Two Superstar Tenors at the Met
Operatic titans in heroic roles and glorious sound dazzle New York at the season's opening
| NEW YORK
OPENING night at the Metropolitan Opera is always something of a spectacle on both sides of the footlights, but this season's was a once-in-a-lifetime experience: Placido Domingo and Luciano Pavarotti, the two most famous tenors in the world, were both celebrating the 25th anniversary of their debut with the company.
In a rare joint appearance last week, the Spaniard and the Italian each performed: the former in Act I of Wagner's ``Die Walkure,'' the latter in Act I of Verdi's ``Otello.'' And for a grand finale, the two surprised the audience by sharing the role of Manrico in Act III of Verdi's ``Il Trovatore.''
The performance, led by James Levine, started at the unusually early hour of 6:30 p.m., both for purposes of the tape-delayed television broadcast and - for those who paid up to $2,500 a ticket - the gala supper that followed.
The host of Secret Service agents in the lobby signaled the presence of a foreign dignitary or two. President and Mrs. Clinton, though in town, opted not to attend, but such lesser lights as Mr. and Mrs. Oscar de la Renta and Paloma Picasso were there.
The singers each chose roles they had not sung before at the Met; it was Domingo's first time singing Siegmund in the United States, and Pavarotti's first time ever in a staged version of ``Otello.'' (He sang it two years ago with the Chicago Symphony in concert.) And though Pavarotti chose the grander, less taxing showcase, Domingo was the real musical star of the evening, singing for virtually the full 75 minutes of Act I with only occasional respites provided by the other two characters onstage.
It's a demanding role, and there were moments when Domingo's tone grew slightly dull around the edges, particularly juxtaposed with Waltraud Meier's sparkling, vibrant, and full-throated sound in the part of Sieglinde.
But Domingo's characteristic ability to give, to sink his teeth into a role, saw him through. And how refreshing to hear a tenor approach Wagner with musical taste - to hear singing rather than bleating.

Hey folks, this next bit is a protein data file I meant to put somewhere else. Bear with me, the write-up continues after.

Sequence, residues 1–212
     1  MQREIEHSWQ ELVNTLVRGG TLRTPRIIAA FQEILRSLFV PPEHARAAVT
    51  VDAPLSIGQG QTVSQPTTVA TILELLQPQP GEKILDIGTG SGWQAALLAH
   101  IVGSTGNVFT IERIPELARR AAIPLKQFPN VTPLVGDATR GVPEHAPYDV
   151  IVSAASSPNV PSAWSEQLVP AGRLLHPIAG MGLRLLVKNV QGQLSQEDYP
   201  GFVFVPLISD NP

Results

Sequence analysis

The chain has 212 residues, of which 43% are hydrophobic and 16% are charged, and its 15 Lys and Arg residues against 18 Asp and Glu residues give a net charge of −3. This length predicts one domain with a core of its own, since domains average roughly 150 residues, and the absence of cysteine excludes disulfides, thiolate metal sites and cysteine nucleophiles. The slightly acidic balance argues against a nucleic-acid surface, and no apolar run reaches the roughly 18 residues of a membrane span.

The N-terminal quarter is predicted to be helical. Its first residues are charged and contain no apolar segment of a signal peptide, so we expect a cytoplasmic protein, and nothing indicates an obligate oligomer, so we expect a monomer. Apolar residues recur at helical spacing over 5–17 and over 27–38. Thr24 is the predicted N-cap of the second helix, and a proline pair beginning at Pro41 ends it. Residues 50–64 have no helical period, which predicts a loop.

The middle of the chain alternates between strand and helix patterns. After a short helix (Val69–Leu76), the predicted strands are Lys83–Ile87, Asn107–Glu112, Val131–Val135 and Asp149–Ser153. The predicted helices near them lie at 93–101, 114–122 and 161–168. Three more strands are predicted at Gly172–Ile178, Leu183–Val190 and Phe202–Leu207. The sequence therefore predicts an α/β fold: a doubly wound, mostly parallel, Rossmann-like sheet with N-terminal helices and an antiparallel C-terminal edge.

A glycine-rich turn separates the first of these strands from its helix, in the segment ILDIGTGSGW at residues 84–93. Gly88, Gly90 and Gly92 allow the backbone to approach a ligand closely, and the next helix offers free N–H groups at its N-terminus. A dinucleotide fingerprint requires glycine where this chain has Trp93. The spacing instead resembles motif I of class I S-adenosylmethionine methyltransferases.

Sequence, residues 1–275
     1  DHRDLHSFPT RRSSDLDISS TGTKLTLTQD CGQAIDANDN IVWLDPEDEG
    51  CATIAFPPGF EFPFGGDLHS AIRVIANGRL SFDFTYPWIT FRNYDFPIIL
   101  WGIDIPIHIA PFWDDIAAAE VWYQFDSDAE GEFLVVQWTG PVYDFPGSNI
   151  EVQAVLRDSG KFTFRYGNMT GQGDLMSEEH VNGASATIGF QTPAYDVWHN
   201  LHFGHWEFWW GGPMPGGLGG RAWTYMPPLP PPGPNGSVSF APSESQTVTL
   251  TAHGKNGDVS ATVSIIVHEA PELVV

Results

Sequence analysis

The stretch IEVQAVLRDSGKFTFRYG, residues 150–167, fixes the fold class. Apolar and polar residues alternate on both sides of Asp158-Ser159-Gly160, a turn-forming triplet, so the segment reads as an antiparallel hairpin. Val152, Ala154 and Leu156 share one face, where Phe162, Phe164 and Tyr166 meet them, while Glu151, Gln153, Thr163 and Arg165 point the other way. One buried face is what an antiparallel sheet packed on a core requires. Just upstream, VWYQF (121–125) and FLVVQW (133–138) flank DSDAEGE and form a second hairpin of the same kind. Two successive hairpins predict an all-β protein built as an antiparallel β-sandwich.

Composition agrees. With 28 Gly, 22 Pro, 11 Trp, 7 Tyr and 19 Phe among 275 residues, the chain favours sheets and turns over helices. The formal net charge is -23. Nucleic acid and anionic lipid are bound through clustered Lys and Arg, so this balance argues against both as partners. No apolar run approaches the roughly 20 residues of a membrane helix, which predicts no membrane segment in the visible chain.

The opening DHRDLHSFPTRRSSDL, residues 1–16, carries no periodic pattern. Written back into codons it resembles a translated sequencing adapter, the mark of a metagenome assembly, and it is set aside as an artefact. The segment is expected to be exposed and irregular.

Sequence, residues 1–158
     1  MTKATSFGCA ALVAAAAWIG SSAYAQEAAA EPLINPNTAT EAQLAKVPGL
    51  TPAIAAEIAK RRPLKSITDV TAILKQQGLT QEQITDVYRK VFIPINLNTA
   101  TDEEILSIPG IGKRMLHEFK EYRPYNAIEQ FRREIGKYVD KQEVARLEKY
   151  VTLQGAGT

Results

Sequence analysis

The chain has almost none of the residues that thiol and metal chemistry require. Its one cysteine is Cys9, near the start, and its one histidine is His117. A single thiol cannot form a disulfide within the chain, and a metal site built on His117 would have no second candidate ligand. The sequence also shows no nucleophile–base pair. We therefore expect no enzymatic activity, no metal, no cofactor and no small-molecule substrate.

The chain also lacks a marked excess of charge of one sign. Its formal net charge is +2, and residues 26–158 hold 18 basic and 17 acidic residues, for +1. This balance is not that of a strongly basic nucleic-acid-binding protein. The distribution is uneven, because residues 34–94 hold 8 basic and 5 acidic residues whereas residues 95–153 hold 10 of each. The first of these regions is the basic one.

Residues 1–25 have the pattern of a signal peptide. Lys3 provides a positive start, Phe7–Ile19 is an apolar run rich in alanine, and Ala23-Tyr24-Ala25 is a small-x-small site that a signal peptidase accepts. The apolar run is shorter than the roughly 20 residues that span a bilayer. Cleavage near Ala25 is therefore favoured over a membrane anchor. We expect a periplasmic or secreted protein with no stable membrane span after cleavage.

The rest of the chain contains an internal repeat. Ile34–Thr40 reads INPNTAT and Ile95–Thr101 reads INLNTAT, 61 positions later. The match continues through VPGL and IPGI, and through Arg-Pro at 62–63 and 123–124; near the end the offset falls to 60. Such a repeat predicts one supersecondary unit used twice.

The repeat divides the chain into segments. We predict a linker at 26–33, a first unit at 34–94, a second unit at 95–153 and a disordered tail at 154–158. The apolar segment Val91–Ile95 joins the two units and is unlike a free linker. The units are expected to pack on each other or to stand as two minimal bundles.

Siegmund opens ``Die Walkure,'' alone onstage in tattered clothes and sings throughout the entire act. The chorus opens ``Otello,'' setting up a grand entrance for the opera's hero. Clad in princely garb, the Moorish general arrives, sings a few bars, and then leaves for most of the act, returning for a glorious duet with his wife, Desdemona.
So, not surprisingly, Pavarotti chose the better public-relations vehicle and the easier musical route. He also put himself in a more flattering context: Desdemona, played by Kallen Esperian (a Pavarotti prote), sounded sour and off-pitch.
The contrasts in the contexts the two men chose are reflective of the way they have conducted their careers. Domingo never stops; he has sung a total of 34 roles at the Met. Pavarotti has sung 16 and has generally set a more leisurely pace for himself.
Many would argue that Otello is not the role for Pavarotti (it is a trademark for Domingo, who sings it in the Met's new production in March), and that he has to stretch and strain to cover it. Indeed, he was not the ideal. But Pavarotti is still Pavarotti, and to these ears he sounded better than he has in five years, the voice resonant, even robust, its characteristically bright sound ringing out easily over the orchestra.
WITH the role of Manrico Wnoted as ``to be announced'' in the program, one knew something was up: Domingo started out in the part and began the aria, then Pavarotti picked it up, then Domingo came back onstage and the two finished together, attacking the aria's final high C with a vengeance.
A mock duel ensued, then Pavarotti put his arm around his colleague as their swords clanged to the floor for a happy ending. With the exception of Esperian's Desdemona, the supporting casts were generally excellent, including Hans Sotin as Hunding, Mark Baker as Cassio, Sherrill Milnes as Iago (an especially wonderful portrayal), Dolora Zajick as Azucena, Vladimir Chernov as Count di Luna, and Paul Plishka as Ferrando.
As always, the Met Opera Orchestra sounded divine - a consistent aural pleasure and certainly one of the best orchestras in the world.